"The problems plaguing the economy seem entrenched"
Senator Obama has called on his Republican rival, Senator John McCain of Arizona, to join in support. Mr. McCain has declined to embrace the package, though a campaign spokesman said he still may. But Mr. McCain’s chief domestic policy adviser, Douglas Holtz-Eakin, last week disparaged the largest piece of Mr. Obama’s proposal — more tax rebates.
“The problems facing this economy are pretty easy to identify,” Mr. Holtz-Eakin said in an interview. “Energy prices are high and rising. Writing checks doesn’t do anything to solve that problem.”
Mr. McCain has called for a temporary rollback of gasoline taxes, an idea spurned by Mr. Obama and many economists as encouraging consumers to buy more gas, sending prices higher.
Mr. McCain’s economic adviser also rejected another idea that has become a centerpiece of Mr. Obama’s stimulus thinking — financing large infrastructure projects.
“That’s not timely and quick,” Mr. Holtz-Eakin said. He offered as a better course lowering corporate taxes and making President Bush’s larger tax cuts permanent.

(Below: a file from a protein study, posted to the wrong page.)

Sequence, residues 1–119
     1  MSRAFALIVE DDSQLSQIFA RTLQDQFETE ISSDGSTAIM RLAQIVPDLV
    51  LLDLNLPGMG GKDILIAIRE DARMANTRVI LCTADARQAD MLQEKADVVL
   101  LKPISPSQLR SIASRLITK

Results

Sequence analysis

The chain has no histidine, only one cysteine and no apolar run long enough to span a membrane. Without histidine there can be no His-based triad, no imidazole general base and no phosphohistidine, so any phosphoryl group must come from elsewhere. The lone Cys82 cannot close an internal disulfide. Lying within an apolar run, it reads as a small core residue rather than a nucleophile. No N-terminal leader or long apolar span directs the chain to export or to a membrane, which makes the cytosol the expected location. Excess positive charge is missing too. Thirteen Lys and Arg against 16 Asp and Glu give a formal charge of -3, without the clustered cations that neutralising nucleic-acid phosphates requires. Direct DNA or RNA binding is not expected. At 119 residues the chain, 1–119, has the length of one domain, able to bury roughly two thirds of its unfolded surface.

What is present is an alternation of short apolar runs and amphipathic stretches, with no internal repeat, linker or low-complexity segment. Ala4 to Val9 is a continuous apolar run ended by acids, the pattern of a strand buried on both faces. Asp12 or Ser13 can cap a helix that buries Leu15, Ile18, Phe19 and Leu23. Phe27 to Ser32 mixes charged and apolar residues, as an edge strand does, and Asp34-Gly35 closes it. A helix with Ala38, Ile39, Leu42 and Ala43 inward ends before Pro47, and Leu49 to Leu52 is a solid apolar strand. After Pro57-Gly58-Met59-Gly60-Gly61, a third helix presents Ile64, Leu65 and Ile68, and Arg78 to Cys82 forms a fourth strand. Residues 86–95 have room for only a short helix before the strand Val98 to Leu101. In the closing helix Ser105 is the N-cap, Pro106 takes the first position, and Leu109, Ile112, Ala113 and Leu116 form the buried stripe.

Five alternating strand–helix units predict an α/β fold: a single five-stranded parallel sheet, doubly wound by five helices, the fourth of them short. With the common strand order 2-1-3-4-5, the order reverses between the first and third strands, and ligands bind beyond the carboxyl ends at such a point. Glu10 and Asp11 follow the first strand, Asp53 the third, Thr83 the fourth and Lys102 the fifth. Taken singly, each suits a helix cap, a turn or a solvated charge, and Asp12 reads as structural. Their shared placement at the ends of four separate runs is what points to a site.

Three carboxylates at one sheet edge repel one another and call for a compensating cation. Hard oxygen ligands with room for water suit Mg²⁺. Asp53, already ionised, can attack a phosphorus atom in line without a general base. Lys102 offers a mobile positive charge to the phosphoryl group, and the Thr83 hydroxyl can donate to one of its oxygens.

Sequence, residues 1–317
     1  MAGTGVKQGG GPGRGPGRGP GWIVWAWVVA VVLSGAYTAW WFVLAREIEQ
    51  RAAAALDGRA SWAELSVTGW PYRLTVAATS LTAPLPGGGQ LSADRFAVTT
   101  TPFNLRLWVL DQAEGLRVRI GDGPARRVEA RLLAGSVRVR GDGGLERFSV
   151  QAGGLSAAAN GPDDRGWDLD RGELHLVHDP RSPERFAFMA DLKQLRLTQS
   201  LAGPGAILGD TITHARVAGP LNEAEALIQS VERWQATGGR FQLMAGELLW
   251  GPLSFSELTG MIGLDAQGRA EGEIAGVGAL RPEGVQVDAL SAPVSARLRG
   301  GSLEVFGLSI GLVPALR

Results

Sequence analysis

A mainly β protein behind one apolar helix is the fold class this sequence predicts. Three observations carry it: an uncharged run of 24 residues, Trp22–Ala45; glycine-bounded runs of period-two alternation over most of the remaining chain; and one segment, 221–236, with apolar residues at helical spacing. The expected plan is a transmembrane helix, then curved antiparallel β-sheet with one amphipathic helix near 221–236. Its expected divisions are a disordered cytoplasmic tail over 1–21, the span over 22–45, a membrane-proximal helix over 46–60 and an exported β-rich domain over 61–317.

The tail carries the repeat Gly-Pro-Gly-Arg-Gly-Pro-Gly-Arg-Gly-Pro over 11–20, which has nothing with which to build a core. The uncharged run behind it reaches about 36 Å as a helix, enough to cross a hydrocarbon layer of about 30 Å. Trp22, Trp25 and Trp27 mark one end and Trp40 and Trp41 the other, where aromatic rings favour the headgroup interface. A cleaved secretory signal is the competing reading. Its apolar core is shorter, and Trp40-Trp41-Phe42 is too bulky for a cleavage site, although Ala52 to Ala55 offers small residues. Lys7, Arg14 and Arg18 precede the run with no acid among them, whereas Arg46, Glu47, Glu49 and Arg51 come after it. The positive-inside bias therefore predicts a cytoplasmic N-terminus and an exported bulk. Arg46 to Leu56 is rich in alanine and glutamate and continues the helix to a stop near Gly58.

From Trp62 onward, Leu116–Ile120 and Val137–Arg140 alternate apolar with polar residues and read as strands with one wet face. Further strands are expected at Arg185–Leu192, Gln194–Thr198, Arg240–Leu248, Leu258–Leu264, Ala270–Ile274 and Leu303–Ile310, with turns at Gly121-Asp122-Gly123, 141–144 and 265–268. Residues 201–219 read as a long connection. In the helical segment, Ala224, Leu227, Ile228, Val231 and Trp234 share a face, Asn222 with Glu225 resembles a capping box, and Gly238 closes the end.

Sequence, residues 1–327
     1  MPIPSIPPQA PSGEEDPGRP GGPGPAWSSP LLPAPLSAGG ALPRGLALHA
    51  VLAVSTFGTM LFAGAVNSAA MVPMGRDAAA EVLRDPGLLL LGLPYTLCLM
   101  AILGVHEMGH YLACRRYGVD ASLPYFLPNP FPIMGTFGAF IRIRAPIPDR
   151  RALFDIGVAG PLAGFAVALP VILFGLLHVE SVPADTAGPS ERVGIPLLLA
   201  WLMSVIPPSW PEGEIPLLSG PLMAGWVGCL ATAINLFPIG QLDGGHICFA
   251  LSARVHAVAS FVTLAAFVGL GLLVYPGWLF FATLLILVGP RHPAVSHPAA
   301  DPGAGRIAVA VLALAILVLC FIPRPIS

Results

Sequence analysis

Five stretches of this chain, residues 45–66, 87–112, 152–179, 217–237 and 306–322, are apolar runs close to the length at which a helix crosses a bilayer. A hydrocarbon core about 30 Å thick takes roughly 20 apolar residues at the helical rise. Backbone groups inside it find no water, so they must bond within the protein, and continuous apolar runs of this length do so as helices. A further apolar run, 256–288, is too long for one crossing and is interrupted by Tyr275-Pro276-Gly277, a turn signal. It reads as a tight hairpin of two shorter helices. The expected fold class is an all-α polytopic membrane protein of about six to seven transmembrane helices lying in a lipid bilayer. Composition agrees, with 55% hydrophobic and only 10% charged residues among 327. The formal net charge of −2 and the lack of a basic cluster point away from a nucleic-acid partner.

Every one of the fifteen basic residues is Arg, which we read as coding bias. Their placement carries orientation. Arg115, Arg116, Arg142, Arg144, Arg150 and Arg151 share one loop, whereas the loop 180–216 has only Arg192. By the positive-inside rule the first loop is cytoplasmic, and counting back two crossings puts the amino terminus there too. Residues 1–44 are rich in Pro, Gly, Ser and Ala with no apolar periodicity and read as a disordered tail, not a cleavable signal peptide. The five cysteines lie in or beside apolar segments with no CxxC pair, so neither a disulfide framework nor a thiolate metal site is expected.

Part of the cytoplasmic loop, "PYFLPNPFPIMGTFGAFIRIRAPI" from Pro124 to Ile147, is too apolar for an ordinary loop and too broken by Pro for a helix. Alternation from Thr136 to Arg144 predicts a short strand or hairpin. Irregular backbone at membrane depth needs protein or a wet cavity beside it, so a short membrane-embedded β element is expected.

Indeed, the policy prescriptions of Mr. McCain’s chief economic adviser were challenged by another economist on the McCain campaign, Mark Zandi, chief economist at Moody’s Economy.com.
A paper Mr. Zandi prepared this year concluded that, within the first year of enactment, increased infrastructure spending and aid to states generate roughly four times as much economic growth as making the president’s tax cuts permanent, cutting corporate taxes or allowing businesses to write off new investments more quickly.
“Everyone agrees that we need jobs, and everyone also agrees that infrastructure is one of our most pressing needs,” Mr. Zandi said in an interview last week. “If we can combine stimulus with infrastructure, I think that’s great.”